No Bull Economics Lessons

Macroeconomics & Microeconomics Concepts You Must Know

Middle Ages (Part I)

The Middle Ages of Europe or "The Dark Ages" is the period following the fall of the Western Roman Empire. Below are some of the most important terms and concepts concerning feudalism and the manorial system. Scroll for lesson plan ideas and the No Bull Review video lesson.
  • Changes in Western Europe (following the fall of Rome) - Disruption of trade, downfall of cities, population shifts, decline of learning, and loss of a common language.
  • Clovis - Unites the Franks into one kingdom after converting to Christianity.
  • Benedict - Italian monk that writes a book of strict of rules for monasteries in 520.
  • Gregory I -  Becomes Pope in 590; expands papal power by making it a worldly (secular) force in politics.
  • Charles Martel - Defeats Mulsim raiding party at the Battle of Tours in 732; extends Frankish rule.
  • Pepin the Short - Fights off Lombards for the Pope; "King by the grace of God;" Begins Carolingian Dynasty.
  • Charlemagne - Unifies most of Western Europe; Crowned emperor by Pope Leo III; spreads Christianity; encourages learning.
  • Treaty of Verdun - Ended civil war between Charlemagne's grandsons (Lothair, Charles the Bald, Louis the German).
  • Vikings - Caused disruption in Northwestern Europe with raids; terror fades away after they accept Christianity and a warming climate change.
  • Magyars - Turkish nomads that attacked western Europe on horseback.
  • Manor - Self-sufficient lord's estate in feudal Europe; serfs tend the land and knight's protect the land.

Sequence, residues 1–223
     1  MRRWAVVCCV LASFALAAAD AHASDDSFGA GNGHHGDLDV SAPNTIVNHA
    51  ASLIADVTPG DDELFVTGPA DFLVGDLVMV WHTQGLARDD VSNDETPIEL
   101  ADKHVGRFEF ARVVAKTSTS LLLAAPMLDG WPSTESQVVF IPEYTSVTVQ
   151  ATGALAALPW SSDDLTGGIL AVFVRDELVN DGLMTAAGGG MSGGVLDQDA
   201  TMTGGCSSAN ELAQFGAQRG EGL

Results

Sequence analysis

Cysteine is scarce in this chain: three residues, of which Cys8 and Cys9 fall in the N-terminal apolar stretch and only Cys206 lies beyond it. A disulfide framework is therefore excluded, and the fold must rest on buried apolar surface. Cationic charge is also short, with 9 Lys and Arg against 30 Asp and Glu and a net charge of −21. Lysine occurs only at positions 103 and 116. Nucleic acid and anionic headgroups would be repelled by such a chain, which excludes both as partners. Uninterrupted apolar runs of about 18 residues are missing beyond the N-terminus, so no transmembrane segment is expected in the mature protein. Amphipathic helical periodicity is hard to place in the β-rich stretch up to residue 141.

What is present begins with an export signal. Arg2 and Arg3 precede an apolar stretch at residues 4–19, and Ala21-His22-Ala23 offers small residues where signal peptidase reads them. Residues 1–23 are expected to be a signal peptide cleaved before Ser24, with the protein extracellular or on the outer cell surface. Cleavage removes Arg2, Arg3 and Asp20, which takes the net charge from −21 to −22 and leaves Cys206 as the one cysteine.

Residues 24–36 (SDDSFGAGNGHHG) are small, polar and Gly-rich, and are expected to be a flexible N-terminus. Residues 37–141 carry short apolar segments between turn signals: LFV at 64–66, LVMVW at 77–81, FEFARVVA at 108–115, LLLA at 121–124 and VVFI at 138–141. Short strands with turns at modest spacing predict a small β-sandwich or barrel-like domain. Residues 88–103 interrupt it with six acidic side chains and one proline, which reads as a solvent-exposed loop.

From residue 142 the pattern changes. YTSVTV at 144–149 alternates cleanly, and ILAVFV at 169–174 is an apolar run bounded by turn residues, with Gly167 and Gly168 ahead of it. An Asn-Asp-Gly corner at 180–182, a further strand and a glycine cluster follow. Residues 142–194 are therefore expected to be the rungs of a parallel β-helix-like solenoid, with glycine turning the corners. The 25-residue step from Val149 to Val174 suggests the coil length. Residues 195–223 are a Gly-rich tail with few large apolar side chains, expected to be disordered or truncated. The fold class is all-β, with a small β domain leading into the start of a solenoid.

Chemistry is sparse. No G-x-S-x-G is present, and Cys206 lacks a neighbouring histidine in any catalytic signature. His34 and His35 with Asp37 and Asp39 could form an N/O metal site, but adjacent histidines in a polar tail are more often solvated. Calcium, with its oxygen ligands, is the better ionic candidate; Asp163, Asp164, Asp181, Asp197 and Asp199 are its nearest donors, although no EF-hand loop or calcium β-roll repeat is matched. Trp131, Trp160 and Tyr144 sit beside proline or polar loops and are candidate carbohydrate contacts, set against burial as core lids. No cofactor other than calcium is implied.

• Lord - Landowner that grants a fief (land) to vassals (lesser lords).
  • Serf - peasant; couldn't lawfully leave their place of birth.
  • Knight - Received land in exchange for their protective services; fought bravely for their eartly feudal lord, heavenly Lord, and his lady.
  • Chivalry - Code of the knight.
  • Tithe - Tax paid to the church; 1/10 of income.
  • Troubadors - Poet-musicians that often sang about romance.
  • Clergy - religious officials; Pope - Bishops - Priests.
  • Sacraments - To achieve salvation a good Roman Catholic will take part in these; ex. baptism and confirmation.
  • Holy Roman Empire - By 1100 consisted of present day Germany; named by Frederick I "Barbarosa."
  • Canon Law - Law of the church.
  • Excommunication - When the clergy banishes one from the church; wields power over political rulers such as Henry IV.
  • Interdict - When sacraments or religious services are banned from a King's land by the clergy; dooms King's subjects to hell.
  • Lay Investiture - Ceremony in which the king and nobles appoint church officials.
  • Concordat of Worms - Church appoints bishops but king holds veto power.

Middle Ages Lesson Plans

Here are some tips and ideas for generating that perfect lesson plan for teaching the Middle Ages.
  • Vikings: A great motivational tool for teaching the Viking invasions that occur during the Middle Ages is a free online game by the BBC called "Viking Quest." In this game, the goal is to raid a monastery in AD 793 and bring back as much loot, survivors, artifacts, and prisoners as possible. The students make decisions regarding the type of settlement to build the boat, the type of boat to build, the crew, the best route, and more. I prefer to play this game with the class as a whole so we can discuss each option. For added fun, I tell the class that they are competing against other classes so they take the game seriously. You will need a classroom with a large screen projector and Internet access. You can also bring the class to the school's computer lab and have them play in pairs. After the game, discuss how Viking raids like this disrupted and impacted Europe during the Middle Ages and what ultimately causes the Viking terror to end. It is a great way to transition into a lesson on feudalism. Here is the link to "Viking Quest."

Middle Ages - No Bull Review Lesson